The Texas House of Representatives on Tuesday authorized raids and potentially arrests of absent Democrats to block voting on a law that makes it difficult to vote in the state.
With 80 votes for and 12 against, the Republican-controlled House empowered the head of Security and Protocol to send agents to force the presence of absent members “under arrest warrant if necessary”.
The move came after the state Supreme Court overturned a district court ruling that Gov. Greg Abbott and Speaker of the House Dade Phelan, both Republicans, did not have the power to order the arrest of elected colleagues. The two then filed an appeal.
The scramble to assess the bill that makes access to the vote difficult began in late May, when Democrats blocked the vote in the dying hours of the 2021 legislative session.
In response, the governor called a 30-day special session, which ended unsuccessfully on Friday, after the majority of the 67 Democrats remained in Washington, outside of Texas jurisdiction. As a result, Abbott called a second session, which began Saturday (7), and promised to call “extraordinary session after extraordinary session” to force a vote on the electoral measure.
On Tuesday, 11 Democrats returned to the House and voted en bloc against the measure to force the attendance of absentees. A Republican, Lyle Larson, joined the group – he’s known to sometimes not follow the party’s lead.
Even with the return of these deputies, the number was not sufficient for there to be a quorum to vote on the electoral law. More than 20 Democrats remain in Washington, and an uncertain number is believed to have returned to Texas, being vulnerable to the new measure if police go looking for those absent.
Republican Representative Matt Krause said he hoped the threat of an “intense” option like jail would persuade those lawmakers to return voluntarily.
One of the missing Democrats, Celia Israel, said in a statement that she and her colleagues had used the breaking of the quorum as a last resort to block legislation “that will deliberately make it more difficult for Texans to vote freely, safely. and fairly “.
With a series of limitations and bans, the proposal makes it even more difficult to vote in a state with one of the most restrictive election laws in the United States. The bill rolls back measures used last year due to the coronavirus pandemic, such as drive-thru voting, which would have helped boost turnout in Houston.
The text also limits the early opening of electoral zones, prohibiting voting before 1:00 p.m. on Sundays. Critics say it is an attack on the effort of predominantly black-frequented churches, where worshipers travel in caravans to vote after morning services.
In addition, the bill makes it more difficult to deposit ballots in transit, eliminates both PO boxes or PO boxes and polling stations open 24 hours a day, and prohibits the use of mobile or temporary structures such as polling stations.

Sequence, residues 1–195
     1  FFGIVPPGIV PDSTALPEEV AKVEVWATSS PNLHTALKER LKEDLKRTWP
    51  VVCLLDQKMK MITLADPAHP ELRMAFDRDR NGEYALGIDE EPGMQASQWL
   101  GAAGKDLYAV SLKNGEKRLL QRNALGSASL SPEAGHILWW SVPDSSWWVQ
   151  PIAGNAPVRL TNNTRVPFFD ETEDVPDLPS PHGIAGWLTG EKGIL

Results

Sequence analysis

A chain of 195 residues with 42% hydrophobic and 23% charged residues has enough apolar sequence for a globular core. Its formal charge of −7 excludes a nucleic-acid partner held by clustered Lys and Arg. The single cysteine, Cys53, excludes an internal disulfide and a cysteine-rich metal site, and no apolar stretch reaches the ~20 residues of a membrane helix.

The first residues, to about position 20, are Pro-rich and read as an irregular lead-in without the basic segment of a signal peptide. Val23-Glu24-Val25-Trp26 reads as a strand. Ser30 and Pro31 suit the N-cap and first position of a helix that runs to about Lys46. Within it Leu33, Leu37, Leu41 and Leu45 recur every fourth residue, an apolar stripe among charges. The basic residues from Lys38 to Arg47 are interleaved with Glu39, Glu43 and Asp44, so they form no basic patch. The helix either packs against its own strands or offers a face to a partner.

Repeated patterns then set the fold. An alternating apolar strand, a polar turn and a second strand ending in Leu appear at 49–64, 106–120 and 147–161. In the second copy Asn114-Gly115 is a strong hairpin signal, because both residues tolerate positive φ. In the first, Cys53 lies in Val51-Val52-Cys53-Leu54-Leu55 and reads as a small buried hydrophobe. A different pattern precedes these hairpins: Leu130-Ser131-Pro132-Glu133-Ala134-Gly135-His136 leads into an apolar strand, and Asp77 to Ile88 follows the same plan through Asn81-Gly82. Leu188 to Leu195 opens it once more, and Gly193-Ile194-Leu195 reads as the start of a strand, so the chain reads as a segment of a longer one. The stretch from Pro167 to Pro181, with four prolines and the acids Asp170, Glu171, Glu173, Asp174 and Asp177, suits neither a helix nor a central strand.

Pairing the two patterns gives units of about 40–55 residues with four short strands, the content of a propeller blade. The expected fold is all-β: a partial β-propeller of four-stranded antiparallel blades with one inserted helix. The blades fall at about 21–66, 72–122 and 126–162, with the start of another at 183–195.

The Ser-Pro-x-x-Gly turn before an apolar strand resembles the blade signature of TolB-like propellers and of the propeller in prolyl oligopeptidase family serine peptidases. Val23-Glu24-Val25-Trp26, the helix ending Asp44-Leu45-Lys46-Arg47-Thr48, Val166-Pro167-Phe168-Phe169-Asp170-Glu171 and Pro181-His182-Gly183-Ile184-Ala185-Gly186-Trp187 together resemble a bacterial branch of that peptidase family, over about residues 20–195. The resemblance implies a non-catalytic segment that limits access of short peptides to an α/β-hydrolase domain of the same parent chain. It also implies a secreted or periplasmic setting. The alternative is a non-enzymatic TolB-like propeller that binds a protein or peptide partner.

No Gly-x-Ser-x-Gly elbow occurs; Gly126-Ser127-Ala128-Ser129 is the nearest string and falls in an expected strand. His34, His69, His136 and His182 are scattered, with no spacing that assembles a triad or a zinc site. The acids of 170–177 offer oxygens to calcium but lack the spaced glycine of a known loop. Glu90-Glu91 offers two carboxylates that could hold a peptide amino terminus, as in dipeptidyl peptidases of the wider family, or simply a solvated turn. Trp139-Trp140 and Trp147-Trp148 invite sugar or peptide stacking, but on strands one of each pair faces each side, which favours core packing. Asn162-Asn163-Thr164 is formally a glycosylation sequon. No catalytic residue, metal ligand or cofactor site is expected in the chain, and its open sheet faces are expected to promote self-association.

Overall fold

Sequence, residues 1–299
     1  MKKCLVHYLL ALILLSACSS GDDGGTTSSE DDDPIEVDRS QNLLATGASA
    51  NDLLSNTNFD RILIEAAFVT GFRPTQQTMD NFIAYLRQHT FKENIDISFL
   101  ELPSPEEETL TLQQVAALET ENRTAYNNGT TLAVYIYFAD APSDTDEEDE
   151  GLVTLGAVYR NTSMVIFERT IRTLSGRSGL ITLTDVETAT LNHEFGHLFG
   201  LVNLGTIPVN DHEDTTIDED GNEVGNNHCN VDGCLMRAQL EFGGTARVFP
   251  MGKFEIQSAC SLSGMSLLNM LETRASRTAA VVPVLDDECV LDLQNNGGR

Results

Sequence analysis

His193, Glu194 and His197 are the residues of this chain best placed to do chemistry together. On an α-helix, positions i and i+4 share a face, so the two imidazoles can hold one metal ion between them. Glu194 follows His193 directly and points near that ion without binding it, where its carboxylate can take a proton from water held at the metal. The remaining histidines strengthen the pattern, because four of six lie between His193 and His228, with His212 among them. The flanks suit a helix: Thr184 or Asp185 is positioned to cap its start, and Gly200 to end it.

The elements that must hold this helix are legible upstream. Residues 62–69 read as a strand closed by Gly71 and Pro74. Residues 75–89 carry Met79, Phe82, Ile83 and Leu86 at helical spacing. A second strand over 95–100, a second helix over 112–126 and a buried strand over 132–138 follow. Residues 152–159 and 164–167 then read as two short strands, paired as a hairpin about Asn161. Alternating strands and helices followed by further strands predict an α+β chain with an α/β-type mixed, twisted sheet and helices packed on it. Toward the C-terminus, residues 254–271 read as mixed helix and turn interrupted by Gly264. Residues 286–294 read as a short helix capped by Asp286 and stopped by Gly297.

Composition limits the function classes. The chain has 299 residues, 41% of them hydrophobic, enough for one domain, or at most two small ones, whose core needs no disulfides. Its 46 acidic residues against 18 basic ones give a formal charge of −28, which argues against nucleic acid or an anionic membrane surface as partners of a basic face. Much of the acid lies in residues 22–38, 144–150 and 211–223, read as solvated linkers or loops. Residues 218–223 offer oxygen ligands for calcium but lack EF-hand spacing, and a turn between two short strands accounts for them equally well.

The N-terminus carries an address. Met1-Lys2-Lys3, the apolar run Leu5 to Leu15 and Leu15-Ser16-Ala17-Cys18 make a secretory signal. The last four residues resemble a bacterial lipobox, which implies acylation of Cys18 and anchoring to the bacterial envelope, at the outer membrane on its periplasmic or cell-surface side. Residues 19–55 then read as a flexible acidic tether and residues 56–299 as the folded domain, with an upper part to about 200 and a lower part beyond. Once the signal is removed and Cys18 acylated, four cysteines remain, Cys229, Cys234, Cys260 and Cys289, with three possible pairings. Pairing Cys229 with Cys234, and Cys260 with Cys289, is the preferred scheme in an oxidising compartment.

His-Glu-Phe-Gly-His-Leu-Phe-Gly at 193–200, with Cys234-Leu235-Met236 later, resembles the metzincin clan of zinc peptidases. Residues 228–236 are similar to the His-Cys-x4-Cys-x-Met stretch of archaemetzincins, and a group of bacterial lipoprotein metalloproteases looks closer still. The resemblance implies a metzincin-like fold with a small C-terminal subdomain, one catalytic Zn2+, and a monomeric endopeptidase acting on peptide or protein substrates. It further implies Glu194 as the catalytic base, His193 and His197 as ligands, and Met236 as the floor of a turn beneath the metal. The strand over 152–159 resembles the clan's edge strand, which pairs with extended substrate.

The bill also realizes the judicialization of the election, which makes it easier for the courts to overturn elections in which there is an allegation of fraud. Rather than asking for proof that the fraudulent votes directly resulted in the victory of a candidate, the court could annul the election if the number of those votes is equal to the margin of victory, regardless of which candidate they benefited from. .
The measures would also affect Texans who vote by mail. Election authorities would be prohibited from sending remote ballots without being solicited by voters – who usually receive them automatically, on the basis of a list.
The discussion in Texas is part of a nationwide Republican initiative to make voting difficult, with 30 such laws passed in 18 states, according to an investigation by the Brennan Center for Justice.
Lawmakers in Donald Trump’s party were encouraged by a base that adopted the former president’s unproven claims that there was voter fraud last year. However, Republican attorney himself, William Barr, dismissed the theory in December.
Democrats and civil rights groups argue that such legislation disproportionately weighs or discourages non-white voters as well as older and disabled voters.
On the other hand, proponents of the proposal say that it is necessary to strengthen security during the elections. The text of the measure specifies that the changes “are not intended to undermine the right to free vote”, but are necessary to “prevent fraud in the electoral process”.
In last year’s election, however, there were no major allegations of fraud in Texas, and Republicans wielded influence spanning three decades in both the legislature and the government. executive of the state.